Early indicators – Emerging Tech Survey
Posted on Jun 26, 2015
There’s a lot of speculation about emerging technology and what role it might play in learning, but we wanted to collect some data rather than opinion.
We've been asking L&D people to take the Emerging Tech Survey to find out what technology they’re using right now and what they are interested in adopting in future.
Our survey was launched to coincide with #EmergingTechWeek, so it’s really early days to report the findings. But bearing in mind these are initial results only, some interesting trends are coming to light.
Respondents were offered a list of technologies (with the option to specify others) and asked to identify the tech they are currently using.
Predictably, multi-device comes top of the list with 47.8% of respondents currently using it in their learning approach. Surprisingly, internet of things technology comes second with 30.4% of respondents saying they are using it right now. This may relate to a broad interpretation of what constitutes internet of things technology, and certainly requires further investigation and clarification.
Interestingly, only 26% of respondents are using learner analytics at the moment which once again highlights L&D’s chequered history when it comes to using data to drive decisions. Around 30% of those who responded to the survey are not currently using any technologies in their learning approach.
Looking ahead proved a fascinating exercise, with more than half of respondents planning to incorporate a new technology in the next 12 months or beyond.
Again, multi-device tops the table with 45.4% of people planning to incorporate it into their training approach in future. Learner analytics is the second most popular choice at 31.8%, but internet of things and virtual reality are not far behind at 27.7% each.
The reasons why respondents are not planning to incorporate any new technologies in the foreseeable future threw up some interesting insights. Typical comments included:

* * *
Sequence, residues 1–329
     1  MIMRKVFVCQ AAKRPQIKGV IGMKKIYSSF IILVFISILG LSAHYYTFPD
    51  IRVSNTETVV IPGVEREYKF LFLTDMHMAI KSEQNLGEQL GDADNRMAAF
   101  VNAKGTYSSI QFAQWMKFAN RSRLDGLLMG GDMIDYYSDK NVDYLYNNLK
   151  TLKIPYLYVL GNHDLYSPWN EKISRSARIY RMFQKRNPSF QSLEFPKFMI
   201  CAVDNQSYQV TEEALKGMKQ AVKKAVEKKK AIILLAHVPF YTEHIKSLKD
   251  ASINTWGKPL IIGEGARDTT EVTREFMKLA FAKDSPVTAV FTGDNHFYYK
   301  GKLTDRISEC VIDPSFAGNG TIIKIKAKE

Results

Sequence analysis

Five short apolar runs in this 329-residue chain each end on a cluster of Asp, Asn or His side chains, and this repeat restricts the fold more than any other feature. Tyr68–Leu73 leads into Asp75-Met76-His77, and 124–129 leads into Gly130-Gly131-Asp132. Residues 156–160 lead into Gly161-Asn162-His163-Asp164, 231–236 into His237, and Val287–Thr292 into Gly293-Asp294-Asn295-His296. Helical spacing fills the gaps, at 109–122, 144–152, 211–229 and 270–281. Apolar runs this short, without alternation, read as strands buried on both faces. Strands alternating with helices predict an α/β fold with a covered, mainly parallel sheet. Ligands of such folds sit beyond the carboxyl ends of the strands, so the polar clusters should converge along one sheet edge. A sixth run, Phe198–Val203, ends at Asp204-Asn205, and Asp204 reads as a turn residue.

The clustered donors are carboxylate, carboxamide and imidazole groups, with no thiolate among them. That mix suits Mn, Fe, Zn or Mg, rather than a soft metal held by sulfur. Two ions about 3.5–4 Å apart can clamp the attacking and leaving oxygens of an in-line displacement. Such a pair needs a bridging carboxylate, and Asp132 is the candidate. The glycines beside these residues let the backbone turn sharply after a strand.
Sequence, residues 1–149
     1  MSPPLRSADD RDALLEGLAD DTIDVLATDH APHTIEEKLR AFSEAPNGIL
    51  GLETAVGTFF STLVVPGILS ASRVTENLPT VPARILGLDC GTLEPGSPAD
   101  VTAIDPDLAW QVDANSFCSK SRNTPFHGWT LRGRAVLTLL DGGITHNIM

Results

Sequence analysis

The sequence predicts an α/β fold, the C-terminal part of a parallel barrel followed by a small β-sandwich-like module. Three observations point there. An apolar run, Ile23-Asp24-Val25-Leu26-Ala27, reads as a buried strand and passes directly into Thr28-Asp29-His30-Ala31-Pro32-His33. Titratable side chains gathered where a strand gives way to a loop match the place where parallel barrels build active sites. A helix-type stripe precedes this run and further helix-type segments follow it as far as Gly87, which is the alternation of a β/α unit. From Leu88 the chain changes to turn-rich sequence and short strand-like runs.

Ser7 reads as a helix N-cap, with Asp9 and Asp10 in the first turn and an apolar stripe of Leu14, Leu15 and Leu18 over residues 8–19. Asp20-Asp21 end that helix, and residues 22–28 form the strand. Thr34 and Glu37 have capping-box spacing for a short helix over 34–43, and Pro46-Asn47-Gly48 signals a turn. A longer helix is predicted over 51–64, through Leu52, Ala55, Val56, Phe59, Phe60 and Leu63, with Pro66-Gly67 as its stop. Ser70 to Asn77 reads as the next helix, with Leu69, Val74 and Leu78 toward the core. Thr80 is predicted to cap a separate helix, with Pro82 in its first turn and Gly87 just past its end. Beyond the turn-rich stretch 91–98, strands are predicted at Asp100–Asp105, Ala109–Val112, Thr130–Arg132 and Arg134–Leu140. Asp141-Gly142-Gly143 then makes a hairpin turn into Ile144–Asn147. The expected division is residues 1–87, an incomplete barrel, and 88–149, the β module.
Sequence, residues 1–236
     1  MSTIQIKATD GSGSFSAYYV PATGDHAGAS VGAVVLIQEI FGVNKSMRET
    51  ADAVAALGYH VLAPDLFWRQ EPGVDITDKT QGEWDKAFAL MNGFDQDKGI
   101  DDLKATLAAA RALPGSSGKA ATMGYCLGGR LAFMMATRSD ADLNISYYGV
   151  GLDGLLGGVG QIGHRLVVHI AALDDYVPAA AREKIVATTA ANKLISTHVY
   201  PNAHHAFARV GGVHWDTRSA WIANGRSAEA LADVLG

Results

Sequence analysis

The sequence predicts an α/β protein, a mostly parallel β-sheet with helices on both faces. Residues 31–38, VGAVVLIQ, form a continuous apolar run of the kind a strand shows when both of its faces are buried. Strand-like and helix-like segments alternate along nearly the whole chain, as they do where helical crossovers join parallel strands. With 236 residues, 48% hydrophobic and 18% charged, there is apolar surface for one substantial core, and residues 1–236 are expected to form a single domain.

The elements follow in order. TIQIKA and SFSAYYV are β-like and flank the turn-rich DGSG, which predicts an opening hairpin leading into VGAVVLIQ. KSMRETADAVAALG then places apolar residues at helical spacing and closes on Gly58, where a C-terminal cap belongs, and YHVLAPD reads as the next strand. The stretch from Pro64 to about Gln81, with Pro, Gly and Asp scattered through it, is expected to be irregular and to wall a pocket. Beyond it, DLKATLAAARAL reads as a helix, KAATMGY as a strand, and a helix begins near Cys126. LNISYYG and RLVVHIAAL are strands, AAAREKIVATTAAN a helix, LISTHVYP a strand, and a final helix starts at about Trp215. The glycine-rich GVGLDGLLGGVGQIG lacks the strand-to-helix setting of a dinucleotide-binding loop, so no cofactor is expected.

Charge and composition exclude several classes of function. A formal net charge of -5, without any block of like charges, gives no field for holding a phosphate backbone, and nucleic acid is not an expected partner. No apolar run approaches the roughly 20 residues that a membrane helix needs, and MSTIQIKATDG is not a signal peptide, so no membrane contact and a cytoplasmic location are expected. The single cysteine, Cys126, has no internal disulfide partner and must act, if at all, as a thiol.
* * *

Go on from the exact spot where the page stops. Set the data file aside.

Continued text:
“No budget for new technologies. WebEx, SharePoint and Brainshark will remain key technologies used for training.”
“Waiting for some of the technologies to mature before investing.”
“The client/user base does not have cutting edge tech... yet!”
Respondents were asked to pick out the emerging technologies they viewed as having the greatest potential within learning, regardless of whether or not they were planning to incorporate that particular tech.
Virtual reality was the most popular choice with 46.2%, followed by learner analytics at 38.5% and multi-device at 35.9%. Just over a quarter of respondents thought wearables have the greatest potential in learning; it’s perhaps surprising this figure isn't higher given the level of interest in wearables generally, and the launch of Apple Watch.
The survey asked, what do you believe to be the next ‘big thing’ in learning technologies? This question threw up the most diverse range of responses although augmented reality and virtual reality were the two most popular answers.
Here’s a snapshot of some of the comments on the next ‘big thing’:
“Bringing down the barriers that are raised with the term ‘e-learning’…. creating flexibility in learning with the internet of things, which will also increase value through contextual interactivity and multi/trans-media approaches, and be more applicable, understandable and successful.”
“More interaction with students who are learning online...development of webinar - although unsure what that may be...”
“Social learning - empowering learners to knowledge share within communities and curate their own content and resources; moving L&D/People Development departments to more 'enablers' rather than creators of learning.”
These early indicators are certainly food for thought and a starting point for further research on the subject. The Emerging Tech Survey is ongoing so please take part and share it with your community.
We’ll be providing results at regular intervals and hope to run the survey each year so we can build up a more accurate picture of emerging tech trends within learning, and find out more about the L&D community’s changing views and attitudes over time.
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